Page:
3-The Jays fans. The fan-base in the first four months of the regular season, through the trade deadline, showed Rogers careful ownership, president Paul Beeston and Anthopoulos what was possible with a winner. Don't underestimate the influence of the Jays' fans on this deal, a reflection of their support the first seven months of 2012.
The big factors were the return to the World Series roots in terms of logos and colours, which became a clear hit with fans. There were the smart offerings of savvy blog sites, the positive TV and radio numbers, the youthful enthusiasm clearly reflected on early season road trips, from Cleveland to Milwaukee to Boston, to Seattle, plus all of the visual and verbal feedback at the Rogers Centre. The clear enthusiasm showed Jays Nation was ready for a winner, that under the right circumstances the support was there.
Recall that Beeston had head-scratchingly said last December that when the fans came back the money would be spent. It made no sense. Well, until the injuries and the collapse in August and September, the fans were there if anyone had cared to notice. A wise man once said the closest emotions are love and hate. Jays' fans obviously hated the final two months, but at least they cared. Jays' management noticed and understood.
The following Jays' payroll numbers are compiled using the authoritative site, Cot's Baseball Contracts. This is the most expensive roster ever put together by the Jays, topping the $97,983,900 in 2008, the penultimate season of former GM J.P. Ricciardi. That year, the Jays were 86-76, but ownership was expecting more and forced Ricciardi to slash payroll to $80 million in '09. He did not react well and was gone by the final weekend.
How far ahead of any payroll in the 37-year history of the Blue Jays' franchise is this group? Already, the 2013 payroll for 15 players stands at $100.6 million in guaranteed salary. In terms of futures, the Jays are on the hook for $300.9 million in salary to those same 15 players. Here's the payroll in descending order for 2013. That first number is followed by guaranteed years and guaranteed money.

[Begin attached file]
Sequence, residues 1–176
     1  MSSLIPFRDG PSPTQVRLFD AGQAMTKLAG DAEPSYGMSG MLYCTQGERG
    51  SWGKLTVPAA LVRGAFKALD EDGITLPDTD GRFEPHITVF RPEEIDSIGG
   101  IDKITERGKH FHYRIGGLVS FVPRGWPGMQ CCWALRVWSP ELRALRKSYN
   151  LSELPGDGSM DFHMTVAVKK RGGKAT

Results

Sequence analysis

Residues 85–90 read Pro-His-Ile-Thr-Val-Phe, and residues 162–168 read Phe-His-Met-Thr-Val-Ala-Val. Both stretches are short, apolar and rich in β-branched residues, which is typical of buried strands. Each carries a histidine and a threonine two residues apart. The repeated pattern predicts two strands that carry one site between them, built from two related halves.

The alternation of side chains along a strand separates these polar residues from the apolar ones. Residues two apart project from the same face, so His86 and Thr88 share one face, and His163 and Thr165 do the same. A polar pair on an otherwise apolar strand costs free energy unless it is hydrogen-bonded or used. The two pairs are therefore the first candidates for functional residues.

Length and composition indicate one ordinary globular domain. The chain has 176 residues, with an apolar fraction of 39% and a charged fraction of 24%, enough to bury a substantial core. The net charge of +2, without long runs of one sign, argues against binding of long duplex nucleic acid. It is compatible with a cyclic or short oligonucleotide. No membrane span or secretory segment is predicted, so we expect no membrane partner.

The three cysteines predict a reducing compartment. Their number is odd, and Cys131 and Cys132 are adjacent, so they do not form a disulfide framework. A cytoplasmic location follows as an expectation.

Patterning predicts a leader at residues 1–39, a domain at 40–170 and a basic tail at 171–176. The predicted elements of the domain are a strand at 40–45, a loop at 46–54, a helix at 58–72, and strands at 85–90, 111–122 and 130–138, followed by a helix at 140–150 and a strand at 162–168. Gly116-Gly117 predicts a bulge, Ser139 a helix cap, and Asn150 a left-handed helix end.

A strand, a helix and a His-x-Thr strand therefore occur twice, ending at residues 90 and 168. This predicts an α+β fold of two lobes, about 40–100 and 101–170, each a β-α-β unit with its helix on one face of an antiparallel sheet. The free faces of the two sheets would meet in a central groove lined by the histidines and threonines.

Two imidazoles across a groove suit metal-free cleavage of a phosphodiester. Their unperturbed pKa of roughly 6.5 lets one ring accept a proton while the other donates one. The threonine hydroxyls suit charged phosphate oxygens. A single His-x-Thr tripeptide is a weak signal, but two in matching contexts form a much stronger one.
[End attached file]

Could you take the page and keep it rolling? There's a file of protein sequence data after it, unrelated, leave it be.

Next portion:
Bautista $14 million; 3 years-$43M. Johnson $13.75 million. Buehrle $11 million; 3 years-$48M. Reyes $10 million; 5 years-$96M. Edwin Encarnacion $8 million; 3 years-$29M. Brandon Morrow $8 million; 2 years-$17M. Ricky Romero $7.5 million; 3 years-$23.1M. Buck $6.5 million. Adam Lind $5.15 million; 1 year-$7.15M (option buyouts).
Casey Janssen $3.9 million. Maicer Izturis $3 million; 3 years-$10M. Darren Oliver $3 million. Sergio Santos $2.75 million; 2 years-$8.75M. Rajai Davis $2.5 million. Dustin McGowan $1.5 million; 2 years-$3.5M.
Add to that committed payroll, key arbitration-eligibles Bonifacio, Colby Rasmus and J.A. Happ who will by the time they settle combine for about $12 million and the 2013 payroll already stands at $112 million for 18 players, even with the knowledge that the injured McGowan and Santos will likely not open the season in the majors.
And it says here the Jays are not done dealing yet. Ideally, they could still use a strong bat in the outfield and have not settled on a starting second baseman.
Bonifacio is a Mike McCoy type, times two, while Izturis could be considered a younger, more complete Omar Vizquel or John McDonald. Maybe another MLB team covets one year of Josh Johnson so much so that they will make it worth Anthopoulos' while in MLB talent. But this Marlins deal is a great start and has energized the fanbase at a time when they were likely deciding how to spend any future entertainment dollars.